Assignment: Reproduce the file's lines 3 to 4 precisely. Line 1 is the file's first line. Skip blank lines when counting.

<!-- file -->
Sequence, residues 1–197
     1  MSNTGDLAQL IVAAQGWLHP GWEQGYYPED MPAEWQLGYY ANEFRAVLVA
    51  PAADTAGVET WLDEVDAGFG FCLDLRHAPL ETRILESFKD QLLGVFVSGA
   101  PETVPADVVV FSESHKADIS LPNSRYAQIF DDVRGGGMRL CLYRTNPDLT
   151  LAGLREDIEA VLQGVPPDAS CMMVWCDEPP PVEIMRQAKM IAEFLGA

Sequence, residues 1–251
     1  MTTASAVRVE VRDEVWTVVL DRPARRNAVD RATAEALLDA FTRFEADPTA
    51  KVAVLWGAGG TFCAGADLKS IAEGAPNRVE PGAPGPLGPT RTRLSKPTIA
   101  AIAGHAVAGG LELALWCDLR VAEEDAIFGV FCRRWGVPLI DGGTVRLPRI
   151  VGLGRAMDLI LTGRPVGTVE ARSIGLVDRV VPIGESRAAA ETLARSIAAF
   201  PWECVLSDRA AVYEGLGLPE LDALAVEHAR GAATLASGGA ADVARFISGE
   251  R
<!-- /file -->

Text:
    51  PAADTAGVET WLDEVDAGFG FCLDLRHAPL ETRILESFKD QLLGVFVSGA
   101  PETVPADVVV FSESHKADIS LPNSRYAQIF DDVRGGGMRL CLYRTNPDLT